4) They Can Just Hang On

This sounds outrageous at first, but actually, many dogs are actually remarkably good at just hanging on for the ride, usually in the owners lap or on the tank. There are many examples of this, but the most notable is a now-legendary dog named Kookie.

Kookie was a dog belonging to an off-road racer named John McCown, who along with his furry friend perched atop the tank of his bike, raced an average of 50 off-road races a year for six years during the 1970s. Kookie the wonder dog not only hung on for entire races at full speed across rough terrain, but he actually participated actively on the bike – as McCown’s wife recalled in an interview, “Kookie learned to read the terrain, leaning back in the rough stuff and standing up on smooth terrain. John could always tell what was up ahead by the way Kookie moved.”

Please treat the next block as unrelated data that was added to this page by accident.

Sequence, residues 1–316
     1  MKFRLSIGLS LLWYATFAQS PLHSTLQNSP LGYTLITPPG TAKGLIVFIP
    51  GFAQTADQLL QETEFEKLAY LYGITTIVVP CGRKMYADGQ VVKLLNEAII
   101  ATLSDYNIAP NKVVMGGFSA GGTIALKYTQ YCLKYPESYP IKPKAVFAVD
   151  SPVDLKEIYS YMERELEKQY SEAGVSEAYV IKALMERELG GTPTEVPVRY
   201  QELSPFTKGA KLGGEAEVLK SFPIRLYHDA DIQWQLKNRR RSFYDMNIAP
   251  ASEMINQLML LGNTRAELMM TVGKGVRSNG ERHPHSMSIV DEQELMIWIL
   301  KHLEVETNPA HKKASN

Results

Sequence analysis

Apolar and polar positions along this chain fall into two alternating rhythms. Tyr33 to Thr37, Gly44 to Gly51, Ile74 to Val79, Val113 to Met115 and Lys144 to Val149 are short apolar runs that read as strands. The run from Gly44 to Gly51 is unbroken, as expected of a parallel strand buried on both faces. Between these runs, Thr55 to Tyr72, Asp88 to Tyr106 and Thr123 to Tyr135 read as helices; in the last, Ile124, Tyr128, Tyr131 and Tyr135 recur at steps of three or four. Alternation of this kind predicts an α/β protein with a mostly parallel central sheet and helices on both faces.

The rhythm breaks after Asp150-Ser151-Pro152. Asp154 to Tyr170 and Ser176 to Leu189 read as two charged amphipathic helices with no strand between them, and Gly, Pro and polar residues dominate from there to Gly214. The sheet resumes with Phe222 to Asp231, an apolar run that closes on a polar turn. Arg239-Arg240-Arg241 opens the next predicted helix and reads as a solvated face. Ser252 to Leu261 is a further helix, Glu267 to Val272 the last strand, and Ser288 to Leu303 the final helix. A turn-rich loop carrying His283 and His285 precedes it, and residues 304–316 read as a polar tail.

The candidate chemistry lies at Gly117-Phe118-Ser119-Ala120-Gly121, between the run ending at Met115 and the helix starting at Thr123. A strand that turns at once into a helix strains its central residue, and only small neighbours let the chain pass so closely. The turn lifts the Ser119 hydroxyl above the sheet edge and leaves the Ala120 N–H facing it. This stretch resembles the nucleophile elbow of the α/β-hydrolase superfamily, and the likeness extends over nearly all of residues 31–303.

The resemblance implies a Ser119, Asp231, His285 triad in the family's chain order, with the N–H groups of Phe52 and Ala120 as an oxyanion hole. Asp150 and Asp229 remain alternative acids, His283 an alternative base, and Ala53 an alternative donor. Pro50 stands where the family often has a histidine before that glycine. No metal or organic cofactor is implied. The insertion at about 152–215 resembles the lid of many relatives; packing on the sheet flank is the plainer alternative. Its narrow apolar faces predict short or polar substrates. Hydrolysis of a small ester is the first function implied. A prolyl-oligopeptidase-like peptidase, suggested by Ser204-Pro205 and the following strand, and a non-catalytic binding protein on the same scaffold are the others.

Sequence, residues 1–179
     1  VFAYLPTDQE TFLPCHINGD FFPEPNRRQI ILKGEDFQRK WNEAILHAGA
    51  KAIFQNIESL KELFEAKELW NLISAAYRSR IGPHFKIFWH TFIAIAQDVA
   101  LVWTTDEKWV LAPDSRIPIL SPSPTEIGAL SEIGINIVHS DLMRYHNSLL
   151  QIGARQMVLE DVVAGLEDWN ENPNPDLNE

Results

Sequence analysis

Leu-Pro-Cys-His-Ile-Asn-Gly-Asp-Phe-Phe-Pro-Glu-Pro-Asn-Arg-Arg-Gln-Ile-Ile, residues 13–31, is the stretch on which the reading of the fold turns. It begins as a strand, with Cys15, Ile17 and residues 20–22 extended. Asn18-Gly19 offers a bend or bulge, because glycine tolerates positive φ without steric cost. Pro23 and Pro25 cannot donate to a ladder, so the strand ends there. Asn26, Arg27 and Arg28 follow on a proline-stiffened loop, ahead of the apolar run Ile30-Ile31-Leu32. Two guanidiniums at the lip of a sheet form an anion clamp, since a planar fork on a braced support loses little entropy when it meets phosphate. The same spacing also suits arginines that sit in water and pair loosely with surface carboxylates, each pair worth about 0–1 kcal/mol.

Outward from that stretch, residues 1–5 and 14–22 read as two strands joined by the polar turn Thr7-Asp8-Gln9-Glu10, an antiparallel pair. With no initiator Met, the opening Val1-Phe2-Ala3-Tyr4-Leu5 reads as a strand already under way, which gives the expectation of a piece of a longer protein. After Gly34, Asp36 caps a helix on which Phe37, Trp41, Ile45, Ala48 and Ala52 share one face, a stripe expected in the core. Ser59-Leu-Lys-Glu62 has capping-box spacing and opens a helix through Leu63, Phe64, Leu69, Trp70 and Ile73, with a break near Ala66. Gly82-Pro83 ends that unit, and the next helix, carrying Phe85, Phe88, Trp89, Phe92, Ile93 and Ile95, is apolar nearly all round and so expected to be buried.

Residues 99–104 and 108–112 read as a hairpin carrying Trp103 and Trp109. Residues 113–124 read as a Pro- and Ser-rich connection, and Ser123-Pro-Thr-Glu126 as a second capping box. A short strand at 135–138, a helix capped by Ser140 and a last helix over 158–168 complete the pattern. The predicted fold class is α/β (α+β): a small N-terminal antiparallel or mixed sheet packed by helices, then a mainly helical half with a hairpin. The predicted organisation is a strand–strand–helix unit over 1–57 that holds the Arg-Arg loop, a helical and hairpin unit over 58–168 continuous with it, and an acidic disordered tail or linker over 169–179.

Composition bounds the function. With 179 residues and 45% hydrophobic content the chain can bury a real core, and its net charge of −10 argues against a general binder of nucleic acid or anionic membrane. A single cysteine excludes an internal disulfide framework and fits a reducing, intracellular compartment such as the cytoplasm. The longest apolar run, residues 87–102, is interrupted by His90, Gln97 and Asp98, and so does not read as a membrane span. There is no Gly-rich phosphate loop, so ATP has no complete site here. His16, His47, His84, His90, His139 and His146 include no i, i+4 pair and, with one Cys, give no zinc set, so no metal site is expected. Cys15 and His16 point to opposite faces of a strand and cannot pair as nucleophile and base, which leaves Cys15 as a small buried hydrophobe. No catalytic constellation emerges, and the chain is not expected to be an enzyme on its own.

Kookie was a remarkable animal, but perhaps the dog’s most amazing feat was how he hung onto the bike – by clinging onto a piece of shag carpet taped onto the top of McCown’s tank! John and Kookie drew tons of attention and became fan favorites during the hndreds of races they ran together, and the duo was immortalized in the famous motorcycle racing documentary, On Any Sunday.

Moral of the story is, many dogs can be remarkably good at finding balance and hanging on to a motorcycle on their own, even at speed. If you do this, we recommend at least installing a way for your dog to have some friction to hold onto on your tank, like a tank bra or grip pads of some sort.

 

Kookie the race dog, riding shotgun on a desert race with rider John McCown some time in the 1970s. Kookie was not secured to the bike, but clung to the tank on a piece of heavy carpet taped to the top. They ran several hundred races together this way!
 
 
A freeze frame from a video by YouTuber Rnickeymouse of a rider dragging knee with a dog on his tank along for the ride!